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Activation of the carotid body (CB) using intracarotid potassium cyanide (KCN) injection increases coronary blood flow (CoBF). This increase in CoBF is considered to be mediated by co-activation of both the sympathetic and parasympathetic nerves to the heart. However, whether cardiac sympathetic nerve activity (cardiac SNA) actually increases during CB activation has not been determined previously. We hypothesized that activation of the CB would increase directly recorded cardiac SNA, which would cause coronary vasodilatation. Experiments were conducted in conscious sheep implanted with electrodes to record cardiac SNA and diaphragmatic electromyography (dEMG), flow probes to record CoBF and cardiac output, and a catheter to record arterial pressure. Intracarotid KCN injection was used to activate the CB. To eliminate the contribution of metabolic demand on coronary flow, the heart was paced at a constant rate during CB chemoreflex stimulation. Intracarotid KCN injection resulted in a significant increase in directly recorded cardiac SNA frequency (from 24 ± 2 to 40 ± 4 bursts/min; P < 0.05) as well as a dose-dependent increase in mean arterial pressure (79 ± 15 to 88 ± 14 mmHg; P < 0.01) and CoBF (75 ± 37 vs. 86 ± 42 mL/min; P < 0.05). The increase in CoBF and coronary vascular conductance to intracarotid KCN injection was abolished after propranolol infusion, suggesting that the increased cardiac SNA mediates coronary vasodilatation. The pressor response to activation of the CB was abolished by pretreatment with intravenous atropine, but there was no change in the coronary flow response. Our results indicate that CB activation increases directly recorded cardiac SNA, which mediates vasodilatation of the coronary vasculature.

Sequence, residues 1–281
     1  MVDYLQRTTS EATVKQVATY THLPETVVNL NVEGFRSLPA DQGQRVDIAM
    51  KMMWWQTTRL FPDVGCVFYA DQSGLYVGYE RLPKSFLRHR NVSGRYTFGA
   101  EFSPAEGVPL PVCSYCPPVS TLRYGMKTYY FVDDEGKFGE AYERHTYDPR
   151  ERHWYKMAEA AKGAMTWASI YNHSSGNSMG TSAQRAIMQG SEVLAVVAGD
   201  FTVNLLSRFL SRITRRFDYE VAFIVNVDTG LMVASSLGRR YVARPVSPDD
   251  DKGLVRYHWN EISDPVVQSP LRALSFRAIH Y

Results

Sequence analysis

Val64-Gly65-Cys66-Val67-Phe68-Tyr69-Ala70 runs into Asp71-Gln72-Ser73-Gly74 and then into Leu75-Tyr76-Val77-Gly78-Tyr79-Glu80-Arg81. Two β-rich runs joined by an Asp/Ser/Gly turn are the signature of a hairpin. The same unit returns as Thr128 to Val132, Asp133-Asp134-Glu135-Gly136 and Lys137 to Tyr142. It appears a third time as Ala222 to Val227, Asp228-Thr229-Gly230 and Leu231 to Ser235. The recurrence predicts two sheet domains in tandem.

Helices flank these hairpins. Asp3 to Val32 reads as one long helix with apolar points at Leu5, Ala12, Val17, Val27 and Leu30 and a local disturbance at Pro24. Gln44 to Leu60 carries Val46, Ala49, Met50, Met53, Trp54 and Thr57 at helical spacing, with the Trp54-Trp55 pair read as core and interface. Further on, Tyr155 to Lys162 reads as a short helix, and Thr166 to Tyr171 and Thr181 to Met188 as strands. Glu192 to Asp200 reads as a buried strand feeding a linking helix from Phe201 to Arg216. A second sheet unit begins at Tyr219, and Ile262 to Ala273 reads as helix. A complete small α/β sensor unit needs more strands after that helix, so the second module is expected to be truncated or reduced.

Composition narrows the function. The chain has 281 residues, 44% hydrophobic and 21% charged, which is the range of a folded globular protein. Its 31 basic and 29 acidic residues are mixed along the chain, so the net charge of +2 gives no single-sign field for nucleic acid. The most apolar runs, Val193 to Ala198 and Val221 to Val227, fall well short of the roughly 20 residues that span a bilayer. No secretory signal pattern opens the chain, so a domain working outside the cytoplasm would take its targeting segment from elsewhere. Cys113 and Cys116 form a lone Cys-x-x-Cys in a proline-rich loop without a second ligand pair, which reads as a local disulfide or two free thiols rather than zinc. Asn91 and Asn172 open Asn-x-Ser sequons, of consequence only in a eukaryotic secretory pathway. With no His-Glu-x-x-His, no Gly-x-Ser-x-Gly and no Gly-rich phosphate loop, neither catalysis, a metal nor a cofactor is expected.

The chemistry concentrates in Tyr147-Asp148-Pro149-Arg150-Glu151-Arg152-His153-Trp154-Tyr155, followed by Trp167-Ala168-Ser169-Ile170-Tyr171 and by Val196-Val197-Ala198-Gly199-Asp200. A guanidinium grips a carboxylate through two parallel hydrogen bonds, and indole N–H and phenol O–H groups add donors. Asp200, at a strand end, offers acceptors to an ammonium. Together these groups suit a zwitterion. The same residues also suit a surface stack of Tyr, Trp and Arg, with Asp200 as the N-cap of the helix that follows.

Citation

Mridula Pachen, Yonis Abukar, Julia Shanks, Nigel Lever, Rohit Ramchandra. Activation of the carotid body increases directly recorded cardiac sympathetic nerve activity and coronary blood flow in conscious sheep. American journal of physiology. Regulatory, integrative and comparative physiology. 2021 Mar 01;320(3):R203-R212

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PMID: 33206558

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